Which Ulva? According to AlgaeBase, there are more than 120 current Ulva species. Species used to be determined by the structure of the blade, cells and other tiny features. However, recent studies show that these can change with age, reproductive state and environmental factors including being chewed upon by predators. So it's really tricky trying to determine species of Ulva.

Some form sheets that are flat, thin and translucent, glossy and smooth. Usually entire without many holes. The edges are sometimes ruffled. Can grow to 10cm wide or more. Usually bright green.

Some form flat strips, ribbons or net-like, thin and translucent, glossy and smooth with many holes. Often crinkled into twists, the strips are narrow (1- 2cm wide) and may be 20cm or longer.

Smell of the sea: When the shores are covered with sea lettuce, you can smell the distinctive aroma of seaweed gently toasting in the sun. This is truly the smell of the sea!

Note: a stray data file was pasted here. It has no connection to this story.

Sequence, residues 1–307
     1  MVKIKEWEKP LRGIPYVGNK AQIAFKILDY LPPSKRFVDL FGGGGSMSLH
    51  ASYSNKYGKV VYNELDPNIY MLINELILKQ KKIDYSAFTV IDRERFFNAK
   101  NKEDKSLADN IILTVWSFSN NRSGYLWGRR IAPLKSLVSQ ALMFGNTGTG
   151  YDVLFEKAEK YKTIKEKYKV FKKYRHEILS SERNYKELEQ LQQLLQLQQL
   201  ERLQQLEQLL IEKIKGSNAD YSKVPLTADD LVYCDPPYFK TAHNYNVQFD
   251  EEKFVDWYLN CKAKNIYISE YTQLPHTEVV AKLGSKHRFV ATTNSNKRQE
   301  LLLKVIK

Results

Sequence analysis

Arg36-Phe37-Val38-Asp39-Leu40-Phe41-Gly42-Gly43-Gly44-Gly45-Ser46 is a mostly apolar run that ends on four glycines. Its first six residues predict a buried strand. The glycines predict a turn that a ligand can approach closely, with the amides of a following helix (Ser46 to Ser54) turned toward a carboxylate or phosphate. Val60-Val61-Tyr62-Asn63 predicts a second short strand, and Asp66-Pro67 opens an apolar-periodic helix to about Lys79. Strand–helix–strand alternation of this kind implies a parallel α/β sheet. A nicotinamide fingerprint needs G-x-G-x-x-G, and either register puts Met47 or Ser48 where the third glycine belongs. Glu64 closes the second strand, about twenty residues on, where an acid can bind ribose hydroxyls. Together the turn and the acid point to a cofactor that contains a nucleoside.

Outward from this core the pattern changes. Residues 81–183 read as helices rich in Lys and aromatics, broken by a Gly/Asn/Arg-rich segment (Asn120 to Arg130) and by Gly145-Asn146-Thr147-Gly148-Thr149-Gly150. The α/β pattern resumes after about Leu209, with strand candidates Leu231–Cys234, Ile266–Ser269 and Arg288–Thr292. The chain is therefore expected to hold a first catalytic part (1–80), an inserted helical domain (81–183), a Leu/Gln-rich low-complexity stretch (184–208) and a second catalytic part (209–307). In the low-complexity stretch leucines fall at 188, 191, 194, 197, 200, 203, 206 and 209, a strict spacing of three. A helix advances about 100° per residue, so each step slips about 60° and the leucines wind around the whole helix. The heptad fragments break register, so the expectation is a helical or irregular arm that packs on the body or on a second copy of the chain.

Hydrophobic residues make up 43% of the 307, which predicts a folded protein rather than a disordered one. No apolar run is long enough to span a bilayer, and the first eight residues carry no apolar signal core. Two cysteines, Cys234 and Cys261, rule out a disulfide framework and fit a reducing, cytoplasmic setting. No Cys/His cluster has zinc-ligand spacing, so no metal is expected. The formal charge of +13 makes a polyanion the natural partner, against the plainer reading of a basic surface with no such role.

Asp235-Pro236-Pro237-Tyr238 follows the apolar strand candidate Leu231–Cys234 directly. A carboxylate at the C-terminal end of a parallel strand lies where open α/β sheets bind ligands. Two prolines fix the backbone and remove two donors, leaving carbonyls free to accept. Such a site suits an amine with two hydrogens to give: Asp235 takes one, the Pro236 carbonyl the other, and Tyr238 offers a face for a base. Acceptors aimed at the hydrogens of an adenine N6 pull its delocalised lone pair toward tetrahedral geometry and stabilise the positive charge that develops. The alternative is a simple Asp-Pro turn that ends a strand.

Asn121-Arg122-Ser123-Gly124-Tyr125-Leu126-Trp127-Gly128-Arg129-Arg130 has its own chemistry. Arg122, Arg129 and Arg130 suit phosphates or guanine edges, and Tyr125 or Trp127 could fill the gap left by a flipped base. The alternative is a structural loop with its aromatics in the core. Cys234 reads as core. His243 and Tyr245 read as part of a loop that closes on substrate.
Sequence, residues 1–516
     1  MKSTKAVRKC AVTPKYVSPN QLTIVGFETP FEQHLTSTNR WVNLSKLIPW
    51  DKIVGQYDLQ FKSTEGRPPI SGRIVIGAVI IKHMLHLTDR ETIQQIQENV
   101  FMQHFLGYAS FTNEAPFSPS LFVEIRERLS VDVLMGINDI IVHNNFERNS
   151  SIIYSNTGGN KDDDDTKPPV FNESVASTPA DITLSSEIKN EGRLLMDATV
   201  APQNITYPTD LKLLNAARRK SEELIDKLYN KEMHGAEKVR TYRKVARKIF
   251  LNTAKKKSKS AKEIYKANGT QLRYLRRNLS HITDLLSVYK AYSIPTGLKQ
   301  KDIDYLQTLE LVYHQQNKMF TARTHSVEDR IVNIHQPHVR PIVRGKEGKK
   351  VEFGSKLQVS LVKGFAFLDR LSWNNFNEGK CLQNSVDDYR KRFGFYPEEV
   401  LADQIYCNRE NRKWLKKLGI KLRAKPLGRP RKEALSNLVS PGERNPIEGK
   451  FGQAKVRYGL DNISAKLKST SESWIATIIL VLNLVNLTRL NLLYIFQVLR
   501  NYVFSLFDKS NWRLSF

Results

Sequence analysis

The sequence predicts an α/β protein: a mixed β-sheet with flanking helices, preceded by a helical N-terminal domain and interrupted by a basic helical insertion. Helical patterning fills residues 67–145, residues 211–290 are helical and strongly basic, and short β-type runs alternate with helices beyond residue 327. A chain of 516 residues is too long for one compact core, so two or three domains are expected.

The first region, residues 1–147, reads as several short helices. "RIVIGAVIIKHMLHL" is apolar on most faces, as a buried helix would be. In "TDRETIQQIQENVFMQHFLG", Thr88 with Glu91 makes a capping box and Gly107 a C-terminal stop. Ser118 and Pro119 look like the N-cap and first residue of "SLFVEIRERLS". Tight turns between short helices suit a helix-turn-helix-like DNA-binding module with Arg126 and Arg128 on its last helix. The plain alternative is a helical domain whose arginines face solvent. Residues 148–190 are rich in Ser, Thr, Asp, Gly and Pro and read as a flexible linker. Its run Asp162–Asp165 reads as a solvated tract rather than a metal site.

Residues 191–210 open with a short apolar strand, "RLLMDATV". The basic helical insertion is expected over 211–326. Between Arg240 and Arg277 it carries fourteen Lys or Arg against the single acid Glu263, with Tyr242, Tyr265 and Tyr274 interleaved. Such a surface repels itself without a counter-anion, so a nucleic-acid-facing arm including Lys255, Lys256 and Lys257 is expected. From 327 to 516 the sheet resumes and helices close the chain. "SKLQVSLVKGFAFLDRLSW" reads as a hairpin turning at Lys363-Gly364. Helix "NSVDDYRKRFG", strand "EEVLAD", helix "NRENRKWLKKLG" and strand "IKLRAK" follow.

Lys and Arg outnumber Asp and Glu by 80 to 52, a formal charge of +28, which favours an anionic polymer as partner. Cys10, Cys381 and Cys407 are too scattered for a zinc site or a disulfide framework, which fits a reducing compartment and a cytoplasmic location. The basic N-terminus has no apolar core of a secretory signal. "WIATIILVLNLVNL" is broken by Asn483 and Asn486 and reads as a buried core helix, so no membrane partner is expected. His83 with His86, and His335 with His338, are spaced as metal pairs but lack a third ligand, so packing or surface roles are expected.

Sea lettuce babies: Sometimes, you might come across a sea lettuce blade that is white or transparent. This could be because the sea lettuce has become fertile and converted some of its cells into reproductive cells and released these cells. Often, this happens along the edge of the blade.

Role in the habitat: Sea lettuce is one of the seaweeds eaten by the Green turtle (Chelonia mydas), as well as other creatures. The dense tangle of seaweed also provides plenty of hiding places for the small animals that live in the seagrass lagoon.